Assessment of Communication Skills --Mar, Harvey H. New York: AFB Press. Essentials of Communication and Orientation and Mobility for Your Students Who Are Deaf-Blind. Kathleen Mary Huebner, Jeanne Glidden Prickett, Therese Rafalowski Welch, and Elga Joffee. (1995) This module reviews approaches to the assessment of communication of individuals who are deaf-blind and have other severe disabilities, describes methods and tools for assessing communication, discusses decision-making strategies that will help evaluators select the methods and tools of assessment most appropriate for a given student, and offers guidelines for interpreting and presenting assessment results. It also describes the important roles educators play in assessing communication and how assessment results are integrated into an educational plan. Communication is defined broadly to include a wide range of behaviors, such as facial expressions, vocalizations, physical reactions, touch, and gestures, in addition to signs, speech, and other formal means of language. The concept of assessment is also broad and includes informal day-to-day observations of students in various settings, periodic and semiformal reviews of students' progress, and formal testing procedures. Publisher's web site: http://www.afb.org.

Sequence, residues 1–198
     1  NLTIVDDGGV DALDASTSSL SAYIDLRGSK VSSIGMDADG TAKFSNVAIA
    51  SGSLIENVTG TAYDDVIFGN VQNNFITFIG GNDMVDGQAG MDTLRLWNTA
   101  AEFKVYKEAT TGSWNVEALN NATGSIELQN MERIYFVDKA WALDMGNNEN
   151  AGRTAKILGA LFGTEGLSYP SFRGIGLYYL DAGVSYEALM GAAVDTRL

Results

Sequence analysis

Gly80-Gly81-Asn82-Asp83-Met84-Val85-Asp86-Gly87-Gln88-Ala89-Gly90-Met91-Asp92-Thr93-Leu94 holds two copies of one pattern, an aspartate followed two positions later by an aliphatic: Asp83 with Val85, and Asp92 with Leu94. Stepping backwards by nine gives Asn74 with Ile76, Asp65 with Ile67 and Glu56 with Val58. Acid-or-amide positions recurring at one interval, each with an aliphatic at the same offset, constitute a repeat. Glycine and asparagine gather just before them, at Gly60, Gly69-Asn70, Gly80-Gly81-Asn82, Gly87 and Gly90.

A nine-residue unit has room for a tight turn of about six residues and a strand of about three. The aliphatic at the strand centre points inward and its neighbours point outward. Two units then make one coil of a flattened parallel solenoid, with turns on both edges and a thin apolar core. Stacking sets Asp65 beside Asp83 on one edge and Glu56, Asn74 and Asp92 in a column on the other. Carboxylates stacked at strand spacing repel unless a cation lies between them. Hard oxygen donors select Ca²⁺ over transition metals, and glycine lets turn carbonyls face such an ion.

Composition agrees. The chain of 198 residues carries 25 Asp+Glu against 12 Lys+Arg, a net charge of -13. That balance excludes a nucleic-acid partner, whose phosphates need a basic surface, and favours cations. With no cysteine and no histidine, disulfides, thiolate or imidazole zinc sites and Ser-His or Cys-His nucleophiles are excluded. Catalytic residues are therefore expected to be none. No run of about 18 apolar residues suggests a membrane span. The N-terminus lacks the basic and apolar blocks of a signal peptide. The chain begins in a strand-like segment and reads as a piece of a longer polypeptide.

2010-0127

Child-Guided Strategies : The van Dijk Approach to Assessment --Nelson, Catherine; van Dijk, Jan; Oster, Teresa; McDonnell, Andrea. Louisville, KY: American Printing House for the Blind, Inc. (2009) This guidebook describes the assessment of children who are deaf-blind using an approach developed by Dr. Jan van Dijk. Assessment techniques and general intervention strategies are provided for the following eight characteristics: behavioral state (state of arousal or alertness), orienting response (direction of attention to a stimulus), learning channels (sensory avenues children use to take in information), approach- withdrawal (what a child likes and dislikes), memory (processes that involve habituation, anticipation, and routine learning), social interactions, communication, and problem-solving. Videoclips of two children (ages 7 and 25 months) demonstrating the concepts described in the book are provided on a DVD. The book also describes how to write a summary of assessment findings and includes a sample assessment of an 18-year-old with multiple disabilities. Appendices contain parent interview questions, observation worksheets, and an assessment summary form.  The forms are also provided on a CD. Publisher's web site:http://www.aph.org.


2010-0225

Holistic Assessment --Eyre, Jane T. London: David Fulton Publishers. Teaching Children Who Are Deafblind: Contact, Communication, and Learning. S. Aitken, M. Buultjens, C. Clark, J. T., Eyre, & L. Pease (Eds.) (2000) This easy-to-read book chapter describes a positive approach to the educational assessment of deaf-blind learners that emphasizes identifying strengths and abilities that form the building blocks of skill development and learning. In addition to providing specific details about how to conduct an assessment, it covers the philosophy of why a comprehensive, holistic approach is essential when assessing children who are deaf-blind.